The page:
Mobile and Locative Media: In between Thanatos and Eros

Mobile and Locative Media: In between Thanatos and Eros

Lucia Santaella (Pontifícia Universidade Católica de São Paulo, Brazil)
DOI: 10.4018/978-1-60960-051-8.ch017
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Mobile and locative media are, inescapably, surveillance media. Surveillance is a feature which has not been decreasing by the use of these media, but instead it has been increasing with ever growing levels of subtlety. These media are introducing a new regime of surveillance, one which I have been calling tracking surveillance, a regime that is distinct from panoptic and scopic surveillance. Tracking surveillance’s omnipresence should not mislead us to assume that these other two modes of surveillance have disappeared. Much on the contrary, these three regimes operate simultaneously, since the appearance of a new mode of surveillance does not lead to the demise of another. Due to the capillarity which characterizes surveillance in this era of connectedness and mobility, surveillance as an issue stands as a privileged standpoint for examining the ambivalent character, in between Thanatos and Eros, with which mobile and locative media have been operating in societies nowadays.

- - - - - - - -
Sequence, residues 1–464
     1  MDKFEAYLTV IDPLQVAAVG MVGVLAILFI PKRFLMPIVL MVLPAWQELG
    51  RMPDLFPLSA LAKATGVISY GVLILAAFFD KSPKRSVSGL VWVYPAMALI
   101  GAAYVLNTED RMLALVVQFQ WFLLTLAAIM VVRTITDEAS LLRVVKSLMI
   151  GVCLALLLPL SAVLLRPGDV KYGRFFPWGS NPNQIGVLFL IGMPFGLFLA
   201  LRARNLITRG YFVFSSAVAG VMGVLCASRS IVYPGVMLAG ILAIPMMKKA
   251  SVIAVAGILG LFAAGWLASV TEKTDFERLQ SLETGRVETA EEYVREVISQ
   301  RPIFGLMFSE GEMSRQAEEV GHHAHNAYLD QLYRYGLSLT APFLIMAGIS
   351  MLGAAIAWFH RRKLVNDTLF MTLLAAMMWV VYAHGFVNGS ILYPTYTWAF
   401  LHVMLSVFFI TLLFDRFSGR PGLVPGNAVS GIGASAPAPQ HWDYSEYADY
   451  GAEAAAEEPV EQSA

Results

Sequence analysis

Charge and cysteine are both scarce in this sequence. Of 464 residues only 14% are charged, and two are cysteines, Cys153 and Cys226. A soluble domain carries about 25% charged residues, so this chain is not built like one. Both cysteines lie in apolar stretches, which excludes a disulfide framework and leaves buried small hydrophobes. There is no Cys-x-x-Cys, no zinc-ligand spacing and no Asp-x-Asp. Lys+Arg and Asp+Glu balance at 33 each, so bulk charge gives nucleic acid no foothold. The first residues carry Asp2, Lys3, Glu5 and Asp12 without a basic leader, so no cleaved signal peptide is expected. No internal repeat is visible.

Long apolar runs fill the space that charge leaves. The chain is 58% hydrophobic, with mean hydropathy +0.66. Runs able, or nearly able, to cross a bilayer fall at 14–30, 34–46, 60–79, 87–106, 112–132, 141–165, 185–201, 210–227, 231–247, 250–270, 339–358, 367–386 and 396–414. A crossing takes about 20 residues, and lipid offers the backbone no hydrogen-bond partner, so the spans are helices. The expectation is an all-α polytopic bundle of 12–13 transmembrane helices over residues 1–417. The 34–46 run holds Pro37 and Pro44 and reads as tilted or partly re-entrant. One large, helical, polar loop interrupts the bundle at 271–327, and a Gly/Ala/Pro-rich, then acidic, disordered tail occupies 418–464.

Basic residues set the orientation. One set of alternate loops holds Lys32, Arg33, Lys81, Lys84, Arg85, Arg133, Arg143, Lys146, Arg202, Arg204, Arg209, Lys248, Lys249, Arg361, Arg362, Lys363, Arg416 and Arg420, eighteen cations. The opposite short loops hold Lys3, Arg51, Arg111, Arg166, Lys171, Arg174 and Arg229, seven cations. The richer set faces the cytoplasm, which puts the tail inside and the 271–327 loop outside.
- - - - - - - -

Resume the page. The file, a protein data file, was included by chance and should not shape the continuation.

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Mobile And Locative Media: Implications

Clark (2003) gives four distinct meanings to mobile technologies:

  • a.

    devices may be, at any given time, at different locations “from that in which they were at one or more previous times” (§ 3);

  • b.

    devices are mobile in the sense that they are at any location that allows transmission for another device;

  • c.

    they are mobile in relation to the surface of the Earth, for example, when a user is on a plane;

  • d.

    lastly, devices are designed to be easily and conveniently portable and independent from wire transmission.

Mobile media and locative media are terms that have been used widely as synonyms. Therefore, it might sound redundant to use them juxtaposed. I have made this decision deliberately in order to make explicit that, when talking about locative media, we are necessarily talking about mobile media with geographical positioning and context sensitivity. They are, therefore, mobile and locative at the same time, despite the fact that this may seem a paradox.

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